Make cream soup from scratch

make cream soup

Baby, it’s cold outside, and one of the best things for warming up on a cold day is a bowl of hot soup. For many people this means grabbing a can from the pantry, but there are plenty of good reasons to make your own soup from scratch. I promise it’s not hard! All of my children knew how to make cream soups from scratch by their early teens. And it’s not time consuming. Depending upon what kind you make, it will only take 5 to 15 minutes more than heating up a can of soup.

What’s so bad about canned soup?

First of all, soup cans are lined with bisphenol-A, which is usually called BPA. It is an endocrine disruptor, which means it messes with the hormones in your body. So, if your pancreas, thyroid, or ovaries are not performing optimally, it could be because of all the BPA and other endocrine disruptors you are consuming or absorbing through your skin every day. In addition to that, canned soups also contain non-nutritive food additives that are made from GMOs, which have been associated with a long list of negative health outcomes. To top it off, there is usually very little nutrition in canned soup because of the high heat required for canning, which also destroys the fiber. And they are often high in salt, sugar, and unhealthy fats.

How to make cream soup

In culinary school, future chefs are not given a finite number of recipes to use. They are taught how to do the basics, such as a cream soup base, and then how to personalize and expand upon them. You don’t need a dozen soup recipes. Using my cream soup base, you can make a dozen different cream soups, chowders, and cheese soups. I’ve listed a few variations below the recipe, but don’t be limited by that. The only thing you need to remember is that if you add liquid, you should reduce the milk by an equal amount. For example, I once made a chili con queso soup. I added a cup of cheddar cheese and a 12 ounce jar of salsa, so I reduced the amount of milk by 12 ounces. Really, your imagination is your only limitation.

make cream soup

Cream Soup Base

In addition to being able to make all kinds of soup, you can replace those cans of cream soups used in casseroles by making this cream soup base.
Course Soup
Servings 4 servings


  • 1/4 cup butter (1/2 stick)
  • 1/4 cup flour
  • 4 cups milk
  • 1/2 teaspoon salt
  • 1/4 teaspoon pepper
  • white wine (if desired)


  • Melt the butter in a pot over low heat so you don’t scorch it.
  • Whisk the flour into the melted butter and continue to stir until all lumps have disappeared.
  • Add the milk, turn up the heat to medium, and continue stirring until the mixture bubbles.
  • Turn off the heat and add salt and pepper.
  • Add a splash of white wine, if you like.


You can turn this soup base into any of the cream soups below by adding the listed ingredients.
Cream of mushroom: Add 8 ounces of sliced mushrooms, browned in 2 tablespoons of butter. A splash of leftover red wine goes especially well in mushroom soup.
Cream of celery: Add 1 cup of sliced celery, steamed.
Cream of broccoli: Add 4 cups chopped broccoli, steamed.
Cheddar broccoli: Add 1 cup shredded cheddar while stirring constantly, then add 4 cups chopped broccoli, steamed.
Cream of spinach: Add 4 cups chopped, raw spinach.
Corn chowder: Add 1 pound of corn kernels, 1 red pepper, chopped, and 2 small potatoes, peeled, cubed, and browned in 2 tablespoons oil.
Seafood chowder: Add 1 cup of cooked fish, scallops, chopped shrimp, or other seafood.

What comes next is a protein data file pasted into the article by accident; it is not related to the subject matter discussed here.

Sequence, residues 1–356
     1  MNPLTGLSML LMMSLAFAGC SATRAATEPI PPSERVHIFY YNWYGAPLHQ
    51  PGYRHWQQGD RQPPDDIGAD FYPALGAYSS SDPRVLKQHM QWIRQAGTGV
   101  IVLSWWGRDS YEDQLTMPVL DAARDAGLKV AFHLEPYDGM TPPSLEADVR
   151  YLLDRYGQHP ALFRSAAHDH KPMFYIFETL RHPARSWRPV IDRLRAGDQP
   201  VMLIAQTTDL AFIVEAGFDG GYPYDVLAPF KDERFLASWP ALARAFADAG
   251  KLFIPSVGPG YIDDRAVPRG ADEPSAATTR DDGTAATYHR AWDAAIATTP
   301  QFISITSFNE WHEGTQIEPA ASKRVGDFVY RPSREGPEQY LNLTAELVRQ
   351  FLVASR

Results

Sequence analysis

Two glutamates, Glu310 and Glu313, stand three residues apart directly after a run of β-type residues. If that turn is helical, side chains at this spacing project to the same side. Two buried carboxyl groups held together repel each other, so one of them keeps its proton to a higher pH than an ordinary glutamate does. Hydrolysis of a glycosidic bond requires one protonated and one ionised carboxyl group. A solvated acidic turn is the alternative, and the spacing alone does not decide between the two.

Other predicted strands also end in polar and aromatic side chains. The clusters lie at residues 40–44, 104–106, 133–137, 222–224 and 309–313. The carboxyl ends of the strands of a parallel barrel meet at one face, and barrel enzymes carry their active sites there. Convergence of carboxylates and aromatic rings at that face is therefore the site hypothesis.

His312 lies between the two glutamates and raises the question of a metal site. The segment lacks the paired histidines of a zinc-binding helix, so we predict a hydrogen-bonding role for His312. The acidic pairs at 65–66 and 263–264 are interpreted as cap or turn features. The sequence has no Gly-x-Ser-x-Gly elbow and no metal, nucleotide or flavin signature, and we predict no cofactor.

Cream of chicken or turkey: Add 1 cup of cubed, cooked chicken or turkey, and 1 cup of cooked rice.
You can add a chopped onion to any of the soups by sautéing it in the butter for a few minutes before adding the flour.


9 thoughts on “Make cream soup from scratch”

  1. This is pretty awesome. I have done it many times for Shrimp and corn soup, crawfish and corn soup and not realized I was essentially making a cream soup base. I use several cream of”X” soups for various recipes, so now I will try this out myself.

    • I’ve never tried to freeze it because I’ve heard that fat-flour combos tend to separate after being frozen. Maybe you could use an immersion blender to mix it up again, but I’m just guessing on that. Since this takes five minutes to make, I don’t think it’s worth the freezer space.

    • You can make a batch of the butter and flour mix (roux) and just keep it in the fridge until you need to use it. That is what we did when l worked in food service

  2. Thanks for the recipe. I will definitely try it with chicken rice and onions – also mushrooms. Great idea. I have plenty of chicken in the freezer.

    • All we use is goat milk because we raise goats. Goat and cow milk can be swapped out in any recipe. There is no difference between them when it comes to cooking. Nigerian dwarf milk has higher butterfat (6.5% vs 3.5% in other goat and cow milk, except Nubian and Jersey and a couple of other heritage cow breeds, which are 4.5%), so if a recipe calls for milk and cream, you wouldn’t need the cream if you had Nigerian dwarf milk.

      However, if you are truly lactose intolerant, you would not be able to consume goat milk, sheep milk, etc, because it all has lactose in it. ALL mammal milk has lactose in it. Lactose is simply milk sugar. If you react to cow milk but not goat milk, then you are probably allergic to the protein in cow milk. It is the protein that is different from different milks, meats, and eggs, so someone who is allergic to beef may be able to eat chicken or someone who is allergic to chicken eggs may be able to eat duck eggs.

    • Yes, you would have to pressure can it, but I have never done that and don’t have instructions for doing it safely.


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